Emmanuel Ihitegbulem and Ezinna Shedrack share a very similar story. Both decided to flee their country for fear of the violence unleashed against their ethnic group, the Igbo people, whose religion is mostly Christian. “The president sent the military to minimize our ethnicity and deny us rights. As there were many killings, I spoke with my mother, we agreed and I decided to flee the country”, says the young man.

Since then, their lives have become a continual restart. Get to know a country again. A new city. A new language. A new home. Making new friends. New contacts. Legal processes. Formalities. routines. Courses. A long etcetera of obstacles to integrate into society and rebuild their lives. That’s why they decided to call the project Start over.

Shedrack traveled through Niger and Algeria before arriving in Morocco, where he worked for a year and seven months on construction. Later he embarked on a small boat that took him to Tenerife, where he began the asylum application process that has already taken him to Malaga and Badajoz. Ihitegbulem followed a similar route, but remained in Morocco for two years, surviving by moving and begging outside mosques. His small boat arrived in Las Palmas de Gran Canaria and our country’s reception system has transferred him to Seville, Cáceres and Badajoz.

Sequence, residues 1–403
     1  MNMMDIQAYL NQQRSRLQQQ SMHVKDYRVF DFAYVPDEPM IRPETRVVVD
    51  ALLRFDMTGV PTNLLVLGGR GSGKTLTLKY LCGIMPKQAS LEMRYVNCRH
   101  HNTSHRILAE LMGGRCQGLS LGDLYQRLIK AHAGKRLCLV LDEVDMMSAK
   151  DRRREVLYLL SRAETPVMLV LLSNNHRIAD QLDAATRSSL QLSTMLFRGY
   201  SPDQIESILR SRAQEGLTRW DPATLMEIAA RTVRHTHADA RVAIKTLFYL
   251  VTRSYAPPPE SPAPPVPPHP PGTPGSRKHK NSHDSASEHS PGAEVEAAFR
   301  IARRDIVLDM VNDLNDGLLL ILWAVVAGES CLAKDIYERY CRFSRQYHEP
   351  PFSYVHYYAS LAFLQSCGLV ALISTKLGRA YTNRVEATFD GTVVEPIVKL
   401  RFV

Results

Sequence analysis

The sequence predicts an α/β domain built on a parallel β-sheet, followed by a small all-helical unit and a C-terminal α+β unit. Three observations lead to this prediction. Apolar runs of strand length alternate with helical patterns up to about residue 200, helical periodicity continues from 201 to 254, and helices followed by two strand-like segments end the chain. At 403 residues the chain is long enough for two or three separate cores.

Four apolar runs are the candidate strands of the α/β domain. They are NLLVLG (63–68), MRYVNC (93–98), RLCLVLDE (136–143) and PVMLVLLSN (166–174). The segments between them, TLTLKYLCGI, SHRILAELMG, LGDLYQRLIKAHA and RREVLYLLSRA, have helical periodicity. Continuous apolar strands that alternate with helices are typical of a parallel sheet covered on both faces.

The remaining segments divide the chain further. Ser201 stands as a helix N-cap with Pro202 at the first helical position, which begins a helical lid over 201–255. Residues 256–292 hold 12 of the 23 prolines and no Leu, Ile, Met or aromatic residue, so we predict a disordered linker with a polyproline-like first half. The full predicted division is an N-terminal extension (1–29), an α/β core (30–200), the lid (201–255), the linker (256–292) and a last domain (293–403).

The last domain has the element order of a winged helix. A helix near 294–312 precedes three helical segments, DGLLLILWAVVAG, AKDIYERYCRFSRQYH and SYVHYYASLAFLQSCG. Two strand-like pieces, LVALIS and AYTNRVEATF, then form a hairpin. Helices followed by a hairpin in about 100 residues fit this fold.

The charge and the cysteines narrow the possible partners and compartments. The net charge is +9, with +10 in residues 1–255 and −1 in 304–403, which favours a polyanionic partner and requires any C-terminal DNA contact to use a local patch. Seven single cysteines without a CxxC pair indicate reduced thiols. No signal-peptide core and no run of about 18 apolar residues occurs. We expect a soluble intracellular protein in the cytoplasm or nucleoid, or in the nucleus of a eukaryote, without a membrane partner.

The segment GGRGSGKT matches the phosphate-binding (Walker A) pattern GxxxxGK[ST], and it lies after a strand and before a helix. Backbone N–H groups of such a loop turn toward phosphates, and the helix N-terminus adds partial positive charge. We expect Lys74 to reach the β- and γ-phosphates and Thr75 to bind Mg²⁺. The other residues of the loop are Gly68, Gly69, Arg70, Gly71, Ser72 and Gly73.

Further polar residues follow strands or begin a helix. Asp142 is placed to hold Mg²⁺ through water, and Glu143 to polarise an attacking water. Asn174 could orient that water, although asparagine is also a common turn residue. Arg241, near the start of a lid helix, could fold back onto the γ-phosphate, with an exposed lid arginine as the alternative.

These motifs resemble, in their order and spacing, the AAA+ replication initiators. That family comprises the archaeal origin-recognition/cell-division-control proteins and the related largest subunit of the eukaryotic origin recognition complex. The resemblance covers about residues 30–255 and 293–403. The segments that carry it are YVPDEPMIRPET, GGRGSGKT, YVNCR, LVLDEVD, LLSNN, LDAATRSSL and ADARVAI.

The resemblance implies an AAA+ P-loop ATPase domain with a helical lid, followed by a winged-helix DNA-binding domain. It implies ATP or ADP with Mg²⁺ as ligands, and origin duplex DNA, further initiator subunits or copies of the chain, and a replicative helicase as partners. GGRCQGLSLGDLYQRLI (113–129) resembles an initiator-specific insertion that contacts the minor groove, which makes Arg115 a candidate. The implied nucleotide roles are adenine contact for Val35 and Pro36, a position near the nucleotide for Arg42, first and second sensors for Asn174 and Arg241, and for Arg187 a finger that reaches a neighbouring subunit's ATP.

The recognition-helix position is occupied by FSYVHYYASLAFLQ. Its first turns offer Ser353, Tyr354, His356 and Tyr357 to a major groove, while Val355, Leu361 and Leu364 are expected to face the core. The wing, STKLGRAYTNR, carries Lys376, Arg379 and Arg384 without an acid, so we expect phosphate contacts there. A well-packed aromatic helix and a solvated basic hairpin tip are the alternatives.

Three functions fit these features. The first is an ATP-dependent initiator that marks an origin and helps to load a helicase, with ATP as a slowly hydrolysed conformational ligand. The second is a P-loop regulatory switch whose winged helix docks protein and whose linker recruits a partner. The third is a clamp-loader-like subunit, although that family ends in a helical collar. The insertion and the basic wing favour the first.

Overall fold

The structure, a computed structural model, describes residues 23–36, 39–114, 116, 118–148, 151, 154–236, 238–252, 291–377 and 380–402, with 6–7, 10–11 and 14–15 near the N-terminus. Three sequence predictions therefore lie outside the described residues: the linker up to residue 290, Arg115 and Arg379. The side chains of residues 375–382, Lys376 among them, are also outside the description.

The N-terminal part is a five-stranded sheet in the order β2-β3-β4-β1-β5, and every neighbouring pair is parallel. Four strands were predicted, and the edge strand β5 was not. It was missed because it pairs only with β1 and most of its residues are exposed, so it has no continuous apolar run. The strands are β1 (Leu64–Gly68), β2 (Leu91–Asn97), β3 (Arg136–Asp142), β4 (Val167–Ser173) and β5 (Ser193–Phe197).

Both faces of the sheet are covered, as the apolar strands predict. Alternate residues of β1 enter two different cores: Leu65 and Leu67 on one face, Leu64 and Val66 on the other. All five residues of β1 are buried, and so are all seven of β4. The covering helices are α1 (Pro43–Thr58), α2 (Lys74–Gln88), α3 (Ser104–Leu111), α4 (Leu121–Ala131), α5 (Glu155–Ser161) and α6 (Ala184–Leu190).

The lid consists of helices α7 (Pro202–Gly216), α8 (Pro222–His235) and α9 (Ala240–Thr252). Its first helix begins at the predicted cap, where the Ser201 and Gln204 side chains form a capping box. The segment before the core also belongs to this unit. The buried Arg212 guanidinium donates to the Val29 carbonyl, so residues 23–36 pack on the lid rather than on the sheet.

The photographic project was born with the idea of ​​generating self-esteem, motivating them to get to know their new environment and raising awareness about their situation.

They arrived at the Red Cross center in Badajoz last summer and they are given a home there while they accompany them on the long and tedious journey to obtain their refugee status. In addition, they guide them to get a decent job placement and give them Spanish classes.

This photographic project was born with the idea of ​​generating self-esteem, motivating them to get to know their new environment and raising awareness about their situation. However, it has also become a tool for them to tell their life stories. Ihitegbulem is convinced that these pages tell his past, his present and his future. “If someone asks me what my life is like, I would just have to show them the diary.”

Diary of Emmanuel Ihitegbulem where he reflects on racism.
Diary of Emmanuel Ihitegbulem where he reflects on racism.ROBERT PALOMO

He has preferred to start by telling how his new diet is. He continues to show us his Spanish notes and his bedroom. He has also photographed a computer that he uses together with some words to call for unity between people and against discrimination. He is clear that one of his favorite photos came to him spontaneously. In it appears his hand and that of a volunteer on a white wall. The text that follows the scene relates: “Hands are brown, no one is black or white. We should learn that we have different color types. We are all one!”

To give continuity to the project they are trying to organize talks and exhibitions around the city. They are sure that it can be a good way to raise public awareness about the situation of refugees and contribute to their integration into society. The project can be seen on the internet and they have turned some of the images into postcards with which they intend to raise funds to help them continue their path towards a safe and dignified life. If they do get it.

#diary #photographs #story #Emmanuel #Ezinna #asylum #seekers

Leave a Reply

Your email address will not be published.